Eye For Film >> Movies >> The Untouchables (1987) DVD Review
Reviewed by: Josh MorrallRead Josh Morrall's film review of The Untouchables
The film's opening featurette is an honest, insightful account of the coming together of script and cast for the making of this Eighties classic. Brian De Palma's career up to the point of The Untouchables is covered briefly and criticisms are made that set the tone for this no-nonsense look at how the production came to be.
Production Stories focuses on the filming of The Untouchables, taking us through production design, camera work and so forth. Although it ends abruptly, this is an otherwise enjoyable mini-doc and covers just about everything you would be interested in. Old and new footage are mixed together and the ageing of director De Palma is depressing to see. Well worth watching.
The featurette on genre loses sight of its purpose and drifts off the point into De Palma's technique and other production issues that are worthwhile but categorised inappropriately. Nonetheless, like all the other featurettes, it is interesting and helpful for aspiring filmmakers.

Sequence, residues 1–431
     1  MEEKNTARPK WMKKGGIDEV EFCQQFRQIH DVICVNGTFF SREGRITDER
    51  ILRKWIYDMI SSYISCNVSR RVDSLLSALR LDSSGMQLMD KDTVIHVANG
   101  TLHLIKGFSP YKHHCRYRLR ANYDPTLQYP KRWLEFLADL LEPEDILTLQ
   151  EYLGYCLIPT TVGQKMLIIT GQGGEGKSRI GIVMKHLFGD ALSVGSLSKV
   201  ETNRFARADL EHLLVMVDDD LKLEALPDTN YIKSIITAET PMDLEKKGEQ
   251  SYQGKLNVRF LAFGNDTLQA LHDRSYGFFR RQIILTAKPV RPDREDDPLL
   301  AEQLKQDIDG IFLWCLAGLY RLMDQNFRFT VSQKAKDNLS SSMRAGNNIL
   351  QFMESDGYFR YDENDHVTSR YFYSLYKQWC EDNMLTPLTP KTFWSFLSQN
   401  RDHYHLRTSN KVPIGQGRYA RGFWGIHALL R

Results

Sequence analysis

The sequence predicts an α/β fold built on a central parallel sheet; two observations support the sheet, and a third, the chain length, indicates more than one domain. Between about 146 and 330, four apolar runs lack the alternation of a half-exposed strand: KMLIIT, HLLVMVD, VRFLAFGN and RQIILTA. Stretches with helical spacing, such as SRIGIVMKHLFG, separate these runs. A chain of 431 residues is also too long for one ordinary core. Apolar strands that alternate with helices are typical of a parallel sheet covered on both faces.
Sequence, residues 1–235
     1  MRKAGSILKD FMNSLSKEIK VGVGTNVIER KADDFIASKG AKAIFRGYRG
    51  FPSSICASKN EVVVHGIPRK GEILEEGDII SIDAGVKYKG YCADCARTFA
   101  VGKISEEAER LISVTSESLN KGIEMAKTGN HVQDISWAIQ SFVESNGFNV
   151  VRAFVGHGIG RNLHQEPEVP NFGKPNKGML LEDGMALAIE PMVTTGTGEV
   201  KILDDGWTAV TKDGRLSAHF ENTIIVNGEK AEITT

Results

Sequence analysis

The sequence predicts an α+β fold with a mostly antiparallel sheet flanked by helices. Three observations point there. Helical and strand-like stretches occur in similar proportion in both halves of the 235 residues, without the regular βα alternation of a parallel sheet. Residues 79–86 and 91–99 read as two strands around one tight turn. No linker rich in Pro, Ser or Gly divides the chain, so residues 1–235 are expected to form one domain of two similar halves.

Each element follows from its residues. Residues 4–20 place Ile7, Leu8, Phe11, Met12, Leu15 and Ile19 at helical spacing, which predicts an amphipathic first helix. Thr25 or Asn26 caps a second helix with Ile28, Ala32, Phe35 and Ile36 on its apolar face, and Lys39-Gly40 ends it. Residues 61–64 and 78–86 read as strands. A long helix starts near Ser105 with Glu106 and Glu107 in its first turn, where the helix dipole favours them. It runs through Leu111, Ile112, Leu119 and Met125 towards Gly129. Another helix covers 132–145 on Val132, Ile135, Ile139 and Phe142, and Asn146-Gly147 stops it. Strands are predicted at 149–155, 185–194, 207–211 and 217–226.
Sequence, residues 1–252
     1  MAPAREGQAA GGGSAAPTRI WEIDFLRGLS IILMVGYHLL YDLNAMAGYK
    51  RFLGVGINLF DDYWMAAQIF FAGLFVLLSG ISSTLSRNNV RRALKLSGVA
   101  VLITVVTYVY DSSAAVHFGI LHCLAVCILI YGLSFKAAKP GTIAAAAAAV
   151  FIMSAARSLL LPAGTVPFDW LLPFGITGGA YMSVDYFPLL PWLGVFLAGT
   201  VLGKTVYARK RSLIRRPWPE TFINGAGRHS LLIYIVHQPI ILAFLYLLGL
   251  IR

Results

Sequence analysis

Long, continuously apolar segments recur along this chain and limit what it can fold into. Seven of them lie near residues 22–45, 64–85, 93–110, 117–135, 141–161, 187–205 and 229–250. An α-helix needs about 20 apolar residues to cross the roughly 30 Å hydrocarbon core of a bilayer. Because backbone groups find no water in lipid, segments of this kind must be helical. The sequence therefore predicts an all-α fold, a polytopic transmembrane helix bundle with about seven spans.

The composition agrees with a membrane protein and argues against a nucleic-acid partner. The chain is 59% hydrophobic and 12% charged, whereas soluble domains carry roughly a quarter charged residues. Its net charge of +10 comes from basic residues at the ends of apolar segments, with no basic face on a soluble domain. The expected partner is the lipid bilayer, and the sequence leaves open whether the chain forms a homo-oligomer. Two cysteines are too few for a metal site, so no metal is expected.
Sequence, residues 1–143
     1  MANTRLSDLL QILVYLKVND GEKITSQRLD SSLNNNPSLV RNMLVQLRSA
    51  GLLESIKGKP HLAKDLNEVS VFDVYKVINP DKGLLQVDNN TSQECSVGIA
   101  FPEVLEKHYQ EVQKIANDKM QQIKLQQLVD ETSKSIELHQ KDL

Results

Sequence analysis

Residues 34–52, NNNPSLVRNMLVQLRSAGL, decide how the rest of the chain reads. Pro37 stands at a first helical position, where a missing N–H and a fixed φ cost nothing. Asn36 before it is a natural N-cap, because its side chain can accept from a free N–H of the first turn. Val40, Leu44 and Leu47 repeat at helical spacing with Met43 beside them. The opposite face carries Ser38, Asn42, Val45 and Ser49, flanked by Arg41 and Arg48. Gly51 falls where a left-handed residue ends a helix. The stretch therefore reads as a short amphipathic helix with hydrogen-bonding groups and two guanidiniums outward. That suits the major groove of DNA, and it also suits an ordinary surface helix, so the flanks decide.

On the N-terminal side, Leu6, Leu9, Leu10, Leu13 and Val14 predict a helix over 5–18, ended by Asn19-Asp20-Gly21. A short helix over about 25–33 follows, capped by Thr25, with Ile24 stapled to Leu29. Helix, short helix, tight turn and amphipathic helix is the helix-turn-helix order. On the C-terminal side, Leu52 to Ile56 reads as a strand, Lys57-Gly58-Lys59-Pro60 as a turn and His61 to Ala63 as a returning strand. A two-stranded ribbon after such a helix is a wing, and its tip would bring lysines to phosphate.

The Classic featurette details the scoring of the picture and other aspects of postproduction. Again, certain elements are misplaced, as the main purpose here seems to be the success of the film. The Classic rounds off the four "looking back" featurettes, and whilst all are thoroughly enjoyable, they have been cut from the same cloth and could have made more of an impact if they had been combined into one single documentary.
The Original featurette does what most do, which is to focus on the characters and storyline. I have always found these pointless and irritating, but this one has the charm of nostalgia, although has nothing on the preceding four.
A well put together DVD, no deleted scenes, nor commentary, but a very enjoyable watch. The four featurettes should have been combined into a single exhilarating documentary, but this disc's heart is in the right place. Informative, honest and captivating, with a glossy print and throttling sound that does justice to Ennio Morricone's phenomenal score, it is certainly worth adding to your collection.Reviewed on: 03 Mar 2005